Collective sigh of relief in EU as Finland narrowly approves financing of recovery plan
On Tuesday, a large collective sigh of relief could be heard across Europe; Finland’s parliament had approved, by the narrowest of margins, the EU’s proposed financing of its €750 billion recovery plan. The plan, which involves borrowing up to €750 billion on the capital markets that would then be distributed as grants or loans to the member states to assist them in recovering from the economic effects of the Covid-19 pandemic, requires the unanimous approval of the financing arrangement by all 27 member states. If Finland had rejected the arrangement, the plan would be dead.
The plan, agreed last July by the heads of state or government of the member states, meeting as the European Council, would distribute €390 billion in grants and €360 billion in loans to the member states through a new Recovery and Resilience Facility to support investments and reforms essential for a sustainable recovery and resilient future. The funds would be distributed through the EU’s seven-year Multiannual Fiscal Framework (i.e., its budget) for 2021-27 and would be repaid over 30 years beginning in 2028.
In order to provide the revenues necessary to fund the MFF and service the €750 billion of debt, in December the Council of Ministers approved an Own Resources Decision (ORD). The ORD permanently increases the maximum level of resources that can be called from the member states (the “own resources ceiling”) from 1.2 percent of EU Gross National Income to 1.4 percent, and it provides for a temporary further increase in the ceiling of 0.6 percent of EU GNI to be devoted exclusively to the financing of the recovery plan. It also introduced a national contribution linked to non-recycled plastic packaging waste, the first new EU own resource created since 1988.
As noted above, the ORD must be approved by all 27 member states in order for the EU to go to the capital markets and obtain, and subsequently service, the €750 billion. After a protracted and at times heated parliamentary debate that featured, among other things, a week-long filibuster last week, the Finnish parliament was scheduled to vote on the ORD on Tuesday, and there was a real possibility the parliament would not approve it. If that happened, the EU would not be able to proceed with the recovery plan, at least as currently formulated. The EU could continue to fund, on a month-by-month basis, its current budget with its current revenues until a new ORD, without the provisions covering the servicing of the debt for the recovery plan, could be approved to fund the MFF. But without approval of the provisions pertaining to the debt, the EU would not be able to go to the markets and borrow the €750 billion.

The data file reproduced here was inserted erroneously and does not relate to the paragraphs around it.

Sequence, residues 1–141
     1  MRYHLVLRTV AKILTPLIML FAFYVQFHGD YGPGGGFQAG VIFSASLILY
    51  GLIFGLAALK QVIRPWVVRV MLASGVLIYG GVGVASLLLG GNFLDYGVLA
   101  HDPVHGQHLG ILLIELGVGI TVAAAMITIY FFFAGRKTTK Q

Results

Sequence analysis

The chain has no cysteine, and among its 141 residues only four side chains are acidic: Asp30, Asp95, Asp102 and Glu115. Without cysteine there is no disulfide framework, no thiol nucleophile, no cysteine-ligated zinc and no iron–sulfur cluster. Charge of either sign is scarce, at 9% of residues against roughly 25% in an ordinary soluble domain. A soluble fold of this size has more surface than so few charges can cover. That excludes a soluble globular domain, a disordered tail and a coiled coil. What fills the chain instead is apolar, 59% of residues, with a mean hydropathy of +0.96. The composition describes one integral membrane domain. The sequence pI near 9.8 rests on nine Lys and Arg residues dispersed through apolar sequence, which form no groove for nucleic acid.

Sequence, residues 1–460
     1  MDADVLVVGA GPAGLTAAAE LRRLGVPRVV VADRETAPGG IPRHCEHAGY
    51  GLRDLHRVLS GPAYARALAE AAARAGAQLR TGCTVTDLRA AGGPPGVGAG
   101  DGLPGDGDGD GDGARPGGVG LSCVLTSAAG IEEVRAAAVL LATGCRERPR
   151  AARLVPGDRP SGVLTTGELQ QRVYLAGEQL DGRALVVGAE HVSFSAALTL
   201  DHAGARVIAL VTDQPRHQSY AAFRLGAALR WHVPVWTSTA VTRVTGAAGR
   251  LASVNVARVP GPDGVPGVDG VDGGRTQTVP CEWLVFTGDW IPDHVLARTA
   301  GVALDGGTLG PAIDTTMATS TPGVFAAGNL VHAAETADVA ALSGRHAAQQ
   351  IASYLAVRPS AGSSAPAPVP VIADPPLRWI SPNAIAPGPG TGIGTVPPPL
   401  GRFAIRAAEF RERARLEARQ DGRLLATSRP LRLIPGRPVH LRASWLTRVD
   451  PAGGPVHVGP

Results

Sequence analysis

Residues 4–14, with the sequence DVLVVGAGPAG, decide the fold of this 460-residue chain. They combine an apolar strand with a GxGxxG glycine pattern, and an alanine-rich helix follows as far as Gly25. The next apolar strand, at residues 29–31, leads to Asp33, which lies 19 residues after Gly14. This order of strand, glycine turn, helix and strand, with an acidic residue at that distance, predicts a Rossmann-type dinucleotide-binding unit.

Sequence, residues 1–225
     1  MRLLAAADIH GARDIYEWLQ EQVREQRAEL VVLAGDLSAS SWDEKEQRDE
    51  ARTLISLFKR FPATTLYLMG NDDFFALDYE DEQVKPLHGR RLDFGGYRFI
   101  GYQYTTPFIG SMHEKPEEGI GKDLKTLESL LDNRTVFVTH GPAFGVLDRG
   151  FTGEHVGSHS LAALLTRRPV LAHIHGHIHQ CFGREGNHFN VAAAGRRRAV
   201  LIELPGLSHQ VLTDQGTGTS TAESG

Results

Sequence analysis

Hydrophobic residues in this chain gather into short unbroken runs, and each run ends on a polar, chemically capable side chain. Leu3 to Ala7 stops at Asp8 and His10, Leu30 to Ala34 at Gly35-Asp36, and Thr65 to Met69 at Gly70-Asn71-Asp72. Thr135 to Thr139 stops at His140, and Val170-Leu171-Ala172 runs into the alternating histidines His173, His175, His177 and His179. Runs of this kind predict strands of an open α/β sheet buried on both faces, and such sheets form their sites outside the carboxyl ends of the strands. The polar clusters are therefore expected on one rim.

The current Finnish government headed by Prime Minister Sanna Marin is a five-party coalition that includes the Social Democratic Party, the center-right Centre Party, the Green League, the Left Alliance, and the Swedish People’s Party. The five parties hold 117 of the 200 seats in the parliament. The two major opposition parties are the conservative National Coalition and the Finns Party, the xenophobic, euroskeptic, populist right-wing party. There is also a small Christian Democratic party.
In late April, the parliament’s Constitutional Law Committee ruled by a 9-8 vote that, as the Finns loudly insisted, the ORD must be approved by a two-thirds majority of the parliament rather than a simple majority. That would mean the ORD would have to be supported by 133 of the 200 members of parliament in order to be approved and could be defeated by 68 members. With 117 members, the five parties of the government were 16 votes short of the required two-thirds majority. And not all of the 117 were certain to vote for the ORD; a few members of the Centre Party had supported the Constitutional Law Committee’s decision to require a two-thirds majority and at least two members had indicated they would vote against the ORD. Meanwhile, the Finns and the National Coalition each have 38 members—enough to deprive the government of a two-thirds majority, provided the members of both parties were willing to vote with the other party and provided, in particular, the National Coalition members, when faced with a choice between voting for the ORD and in so doing supporting the government or voting against it and in so doing aligning with the Finns, chose the latter option. But while it was highly unlikely that any member of the virulently-euroskeptic Finns would vote in favor of the ORD, it was quite possible that at least some members of the National Coalition, which supports European integration, would vote in favor of the ORD, if only because the fate of the EU’s recovery plan depended on the ORD being approved by the Finnish parliament. On the other hand, with the Finns leading the attack on the ORD and moving up in the polls, and the National Coalition in the midst of an intensive competition with the Finns for votes in the upcoming municipal elections in June, it wasn’t at all clear that enough National Coalition members would vote for the ORD to give it the 133 votes required for a two-thirds majority.